Stephen Timms brings significant telecommunications industry experience to his new Communications Minister role.

I understand that Rt Hon Stephen Timms MP is set to become the new Communications Minister, with responsibility for taking forward the recommendations of the Digital Britain broadband review. The position had been vacated when Lord Carter stepped down following the publication of the Review. It is likely that the role will change slightly, given that Mr Timms will sit jointly across the Department for Business and the Treasury, whereas Lord Carter’s position sat jointly across the Department for Business and the DCMS.

A former Internet Hero at the ISPAs, Stephen Timms brings significant experience to the role having worked in the telecommunications industry before entering Parliament and having previously served as a Minister with responsibility for e-Commerce at the DTI and BERR.

Whether the treasury connection will have any relevance remains to be seen.  I see one of the biggest challenges for this Government is going to be how it faces up to the need to invest massively in the Next Generation Access network (ie fibre).

Whilst I was on holiday I visited my in laws in Liverpool. Grandad had saved me an article from the local paper describing the outcry amongst Liverpudlian councillors when they found that BT’s initial £1,5m investment in Fibre To The Cabinet was not going to be gracing their fair city with it’s presence whilst favouring local rivals Manchester.  Nonsense I cried and reached for my BT FTTC broadband rollout map (never go anywhere without it).

To my surprise, he was right. All the dots identifying the initial (spring 2010) roll out sites come no closer than Altrincham. The good burghers of Liverpool should not feel that they have been singled out, because there will be huge swathes of the UK left out in the high speed broadband cold.  I don’t for a moment blame BT, although I’m sure that competition from Virgin will in due course give them a bit of a prod in the right direction.

This is why I say that the Government has a lot to do in this space, and why I wish Stephen Timms every success in his new role.

Published by Trefor Davies

Liver of life, father of four, CTO of trefor.net, writer, poet, philosopherontap.com

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  1. Lindsey Annison

3 Comments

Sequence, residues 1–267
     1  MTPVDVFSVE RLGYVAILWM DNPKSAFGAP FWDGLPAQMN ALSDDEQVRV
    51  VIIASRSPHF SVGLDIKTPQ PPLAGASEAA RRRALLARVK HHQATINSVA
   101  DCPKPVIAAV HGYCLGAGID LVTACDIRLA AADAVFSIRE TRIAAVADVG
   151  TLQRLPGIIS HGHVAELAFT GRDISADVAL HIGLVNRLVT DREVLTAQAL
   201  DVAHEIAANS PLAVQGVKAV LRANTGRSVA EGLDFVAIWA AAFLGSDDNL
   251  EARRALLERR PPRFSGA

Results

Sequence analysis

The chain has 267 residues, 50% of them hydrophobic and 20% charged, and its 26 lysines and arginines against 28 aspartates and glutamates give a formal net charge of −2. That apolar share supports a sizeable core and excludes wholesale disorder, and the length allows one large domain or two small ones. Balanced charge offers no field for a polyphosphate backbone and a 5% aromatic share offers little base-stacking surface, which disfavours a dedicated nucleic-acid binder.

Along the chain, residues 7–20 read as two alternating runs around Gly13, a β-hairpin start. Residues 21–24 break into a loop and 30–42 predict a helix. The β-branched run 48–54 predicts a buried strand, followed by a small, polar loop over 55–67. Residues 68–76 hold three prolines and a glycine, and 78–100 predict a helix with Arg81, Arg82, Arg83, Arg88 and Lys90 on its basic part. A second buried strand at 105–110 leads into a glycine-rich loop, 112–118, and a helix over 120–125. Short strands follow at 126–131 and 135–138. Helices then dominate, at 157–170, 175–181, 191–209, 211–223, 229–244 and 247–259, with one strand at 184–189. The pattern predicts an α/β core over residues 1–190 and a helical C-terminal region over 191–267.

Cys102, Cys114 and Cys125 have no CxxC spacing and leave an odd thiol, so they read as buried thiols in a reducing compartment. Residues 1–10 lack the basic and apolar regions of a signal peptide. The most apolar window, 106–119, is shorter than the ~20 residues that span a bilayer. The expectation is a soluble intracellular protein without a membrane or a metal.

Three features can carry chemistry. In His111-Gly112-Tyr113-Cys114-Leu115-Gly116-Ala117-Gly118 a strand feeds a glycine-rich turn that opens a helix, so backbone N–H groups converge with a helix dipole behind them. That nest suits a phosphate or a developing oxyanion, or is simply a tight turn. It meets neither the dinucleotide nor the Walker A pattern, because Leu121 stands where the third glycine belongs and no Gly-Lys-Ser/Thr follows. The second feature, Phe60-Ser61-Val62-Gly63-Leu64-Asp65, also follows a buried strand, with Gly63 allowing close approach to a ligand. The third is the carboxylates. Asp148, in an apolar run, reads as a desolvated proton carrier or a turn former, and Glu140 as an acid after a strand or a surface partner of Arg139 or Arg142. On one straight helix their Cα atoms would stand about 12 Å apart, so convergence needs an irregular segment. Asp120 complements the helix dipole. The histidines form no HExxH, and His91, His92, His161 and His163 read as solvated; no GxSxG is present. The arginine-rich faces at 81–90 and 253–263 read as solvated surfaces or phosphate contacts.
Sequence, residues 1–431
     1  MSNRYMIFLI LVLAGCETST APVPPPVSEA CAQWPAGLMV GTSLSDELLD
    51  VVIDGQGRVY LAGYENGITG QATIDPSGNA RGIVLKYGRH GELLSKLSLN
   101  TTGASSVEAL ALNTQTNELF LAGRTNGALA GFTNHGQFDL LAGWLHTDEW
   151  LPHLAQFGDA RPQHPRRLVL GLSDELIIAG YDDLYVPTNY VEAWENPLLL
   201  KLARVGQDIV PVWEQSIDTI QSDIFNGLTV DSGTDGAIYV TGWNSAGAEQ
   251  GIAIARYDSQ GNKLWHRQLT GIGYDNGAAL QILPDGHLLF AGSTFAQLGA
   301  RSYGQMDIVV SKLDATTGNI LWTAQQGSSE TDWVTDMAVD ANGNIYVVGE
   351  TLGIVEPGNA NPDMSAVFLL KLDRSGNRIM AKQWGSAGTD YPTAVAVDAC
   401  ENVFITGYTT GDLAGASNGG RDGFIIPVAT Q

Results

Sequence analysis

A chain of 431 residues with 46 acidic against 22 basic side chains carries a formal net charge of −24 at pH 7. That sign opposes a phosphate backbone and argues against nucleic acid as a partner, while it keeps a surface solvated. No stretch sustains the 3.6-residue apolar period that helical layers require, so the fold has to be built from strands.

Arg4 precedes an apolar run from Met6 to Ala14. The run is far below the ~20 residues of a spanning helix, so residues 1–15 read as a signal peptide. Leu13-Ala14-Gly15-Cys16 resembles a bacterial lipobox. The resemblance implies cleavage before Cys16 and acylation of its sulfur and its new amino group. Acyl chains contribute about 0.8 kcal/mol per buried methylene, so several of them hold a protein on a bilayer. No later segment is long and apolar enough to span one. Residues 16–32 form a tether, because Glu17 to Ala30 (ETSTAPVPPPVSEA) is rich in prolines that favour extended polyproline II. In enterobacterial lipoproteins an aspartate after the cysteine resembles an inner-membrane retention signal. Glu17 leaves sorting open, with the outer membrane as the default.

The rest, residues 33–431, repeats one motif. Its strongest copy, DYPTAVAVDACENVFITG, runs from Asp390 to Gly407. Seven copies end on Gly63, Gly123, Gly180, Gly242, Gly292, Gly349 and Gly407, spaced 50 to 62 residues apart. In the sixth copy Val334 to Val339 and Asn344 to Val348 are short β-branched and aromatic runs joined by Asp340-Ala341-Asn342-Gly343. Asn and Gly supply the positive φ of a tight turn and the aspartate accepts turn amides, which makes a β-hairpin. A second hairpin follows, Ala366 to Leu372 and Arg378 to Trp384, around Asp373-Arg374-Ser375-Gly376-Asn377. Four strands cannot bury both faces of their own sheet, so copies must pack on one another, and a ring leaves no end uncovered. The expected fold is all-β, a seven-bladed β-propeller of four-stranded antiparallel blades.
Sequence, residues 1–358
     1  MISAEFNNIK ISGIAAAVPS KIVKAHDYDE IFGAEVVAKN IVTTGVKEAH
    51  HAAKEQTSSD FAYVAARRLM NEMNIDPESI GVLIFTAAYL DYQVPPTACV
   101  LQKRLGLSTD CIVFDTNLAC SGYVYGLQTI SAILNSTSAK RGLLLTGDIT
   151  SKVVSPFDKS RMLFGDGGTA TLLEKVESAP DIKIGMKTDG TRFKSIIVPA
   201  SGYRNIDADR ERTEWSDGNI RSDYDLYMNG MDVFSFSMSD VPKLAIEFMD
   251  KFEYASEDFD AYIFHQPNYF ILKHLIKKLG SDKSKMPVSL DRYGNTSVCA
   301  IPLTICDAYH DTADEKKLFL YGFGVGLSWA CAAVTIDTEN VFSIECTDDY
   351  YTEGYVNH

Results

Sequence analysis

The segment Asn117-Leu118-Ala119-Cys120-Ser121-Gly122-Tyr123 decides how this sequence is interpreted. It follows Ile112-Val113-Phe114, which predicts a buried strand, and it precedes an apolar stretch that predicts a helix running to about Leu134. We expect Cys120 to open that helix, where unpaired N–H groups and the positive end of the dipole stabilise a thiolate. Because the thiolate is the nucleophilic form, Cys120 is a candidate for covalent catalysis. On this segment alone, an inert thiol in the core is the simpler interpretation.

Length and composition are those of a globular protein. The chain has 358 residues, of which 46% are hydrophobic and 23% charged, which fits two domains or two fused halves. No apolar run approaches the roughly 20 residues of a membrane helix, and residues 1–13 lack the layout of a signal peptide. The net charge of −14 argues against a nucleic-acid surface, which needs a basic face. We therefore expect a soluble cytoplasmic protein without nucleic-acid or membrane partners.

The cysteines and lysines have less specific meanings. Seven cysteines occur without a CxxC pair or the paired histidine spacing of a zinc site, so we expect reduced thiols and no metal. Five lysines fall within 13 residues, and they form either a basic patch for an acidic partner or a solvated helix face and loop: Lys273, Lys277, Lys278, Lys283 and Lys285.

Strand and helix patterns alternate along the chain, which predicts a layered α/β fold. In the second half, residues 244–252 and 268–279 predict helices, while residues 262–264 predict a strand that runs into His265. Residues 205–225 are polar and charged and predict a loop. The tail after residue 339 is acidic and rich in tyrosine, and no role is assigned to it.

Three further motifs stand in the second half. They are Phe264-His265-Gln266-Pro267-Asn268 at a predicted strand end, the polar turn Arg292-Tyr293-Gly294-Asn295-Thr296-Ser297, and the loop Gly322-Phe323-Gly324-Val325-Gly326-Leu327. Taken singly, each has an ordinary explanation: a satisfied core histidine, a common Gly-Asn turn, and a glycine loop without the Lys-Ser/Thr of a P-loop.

1. yep, he has a tough job on, I agree, the main job is to get fibre lit everywhere, and the best way of kicking it off is to cut the tax on it, thus saving more than the £6 levy in one fell swoop and getting the digital economy moving quickly.

  2. There is a limit to how much public investment can reasonably be justified in this as the returns from the investment will all go to private enterprise.

    The public interest does not need fibre. Access to public services via the internet doesn’t require very high speeds.

    It’s a private luxury and a profit centre for private enterprise therefore the only right source of investment is that same private sector.

  3. @Jason The returns have NO reason to go into private enterprise. That is Telco 1.0 thinking and long out of date. There are more than enough community projects in EU and beyond that show how the pounds can stay within the community/area/region without going to private enterprise (look up ‘blue pound’). And why any of us would even consider trusting the telcos to get FTTH and nextgen right…well….

    The public interest DOES need fibre, and you only need look up some of the fab telehealth, education and e-gov type services that countries like Estonia, Sweden, Norway, Holland, Canada, Korea etc have deployed to get IT. And it won’t be a profit centre for private sector if we ignore them and deploy SUSTAINABLE business models within communities.

    Whoever you are, please catch up with current thinking. Try a Telco 2.0 conference for starters, the COTS Colloquium in Hull on 3rd Sept, or talking to many of those in grassroots up through industry and government who have got it. Please.

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